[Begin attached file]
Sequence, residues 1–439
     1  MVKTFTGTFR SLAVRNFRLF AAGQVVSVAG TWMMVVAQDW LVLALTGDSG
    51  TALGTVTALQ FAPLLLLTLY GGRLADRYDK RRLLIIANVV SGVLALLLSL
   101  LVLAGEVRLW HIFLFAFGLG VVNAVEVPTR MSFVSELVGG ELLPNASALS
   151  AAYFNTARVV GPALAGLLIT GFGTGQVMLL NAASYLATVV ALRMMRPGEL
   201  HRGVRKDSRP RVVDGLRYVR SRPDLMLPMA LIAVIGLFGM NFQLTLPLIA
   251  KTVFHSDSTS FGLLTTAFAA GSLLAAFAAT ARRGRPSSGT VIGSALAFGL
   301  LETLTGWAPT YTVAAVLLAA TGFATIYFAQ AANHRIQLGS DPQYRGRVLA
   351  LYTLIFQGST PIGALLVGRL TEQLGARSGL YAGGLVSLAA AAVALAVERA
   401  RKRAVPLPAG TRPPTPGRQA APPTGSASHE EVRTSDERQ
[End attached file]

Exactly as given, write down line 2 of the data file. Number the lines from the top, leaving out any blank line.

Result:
     1  MVKTFTGTFR SLAVRNFRLF AAGQVVSVAG TWMMVVAQDW LVLALTGDSG